The guitars conceived and produced by the Gretsch Company after WWII represent some of the more unique sounding and visually dynamic models available during the ''50s and into the mid-''60s.

'66 Anniversary model 6118

'66 Anniversary model 6118
In 1960, the popular Anniversary models inherited the HiloTron pickup technology, replacing the previous FilterTron units, which remained in higher-end Gretsch electrics. This mid-'60s specimen is in a rare and attractive custom white finish. (Photo courtesy of Steve Wilson)

An all-analog polyphonic amplitude synthesizer that alters the attack and decay time of any sound source without sacrificing the fidelity of the original tone.

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Kenny Greenberg with his main axe, a vintage Gretsch 6118 Double Anniversary that he found at Gruhn Guitars in Nashville for a mere $600. “It had the original pickups, but the finish had been taken off and the headstock had been repaired. So, it’s a great example of a ‘player’s vintage instrument,’” he says.

On his solo debut, the Nashville session wizard discovers his own musical personality in a soundtrack for a movie that wasn’t, with stops in Africa and Mississippi hill country.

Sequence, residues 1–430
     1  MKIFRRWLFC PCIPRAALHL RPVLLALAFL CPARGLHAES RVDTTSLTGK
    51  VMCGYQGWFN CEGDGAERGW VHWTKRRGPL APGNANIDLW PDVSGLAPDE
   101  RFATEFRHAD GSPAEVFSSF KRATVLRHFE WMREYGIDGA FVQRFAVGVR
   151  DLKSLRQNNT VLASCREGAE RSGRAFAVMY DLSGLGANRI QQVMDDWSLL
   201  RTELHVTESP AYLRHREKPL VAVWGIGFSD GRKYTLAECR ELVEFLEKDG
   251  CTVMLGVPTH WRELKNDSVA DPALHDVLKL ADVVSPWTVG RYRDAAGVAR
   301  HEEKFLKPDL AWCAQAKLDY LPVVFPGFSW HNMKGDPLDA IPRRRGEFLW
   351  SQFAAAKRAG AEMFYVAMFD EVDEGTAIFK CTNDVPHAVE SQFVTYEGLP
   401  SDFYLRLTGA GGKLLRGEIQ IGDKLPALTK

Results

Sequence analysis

Kenny Greenberg has been Nashville’s secret weapon for decades. He’s the guitarist many insiders credit with giving the Nashville sound the rock ’n’ roll edge that’s become de rigueur for big country records since the ’90s. It’s the sound that, in many ways, delivered country music from its roots to sporting events.

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Andy Wood on Eric Johnson's "Cliffs of Dover" | Hooked

The hot picker recalls receiving a mix CD of must-know guitarists and the Grammy-winning track was the one that "hit him like a ton of bricks."

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